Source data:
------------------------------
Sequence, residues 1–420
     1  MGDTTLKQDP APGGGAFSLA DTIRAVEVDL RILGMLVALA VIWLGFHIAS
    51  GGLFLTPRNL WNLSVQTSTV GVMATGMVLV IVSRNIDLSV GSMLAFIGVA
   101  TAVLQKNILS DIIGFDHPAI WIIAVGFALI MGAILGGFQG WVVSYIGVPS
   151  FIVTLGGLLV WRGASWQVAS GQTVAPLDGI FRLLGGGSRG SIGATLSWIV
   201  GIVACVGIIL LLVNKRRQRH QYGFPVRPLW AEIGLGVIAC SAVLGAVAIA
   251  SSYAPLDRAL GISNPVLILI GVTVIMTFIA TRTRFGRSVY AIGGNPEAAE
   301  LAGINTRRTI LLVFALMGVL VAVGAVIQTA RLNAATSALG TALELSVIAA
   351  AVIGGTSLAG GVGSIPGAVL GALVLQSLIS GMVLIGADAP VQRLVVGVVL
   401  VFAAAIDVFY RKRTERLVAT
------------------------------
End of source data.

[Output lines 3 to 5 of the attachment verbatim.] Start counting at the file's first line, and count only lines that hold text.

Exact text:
    51  GGLFLTPRNL WNLSVQTSTV GVMATGMVLV IVSRNIDLSV GSMLAFIGVA
   101  TAVLQKNILS DIIGFDHPAI WIIAVGFALI MGAILGGFQG WVVSYIGVPS
   151  FIVTLGGLLV WRGASWQVAS GQTVAPLDGI FRLLGGGSRG SIGATLSWIV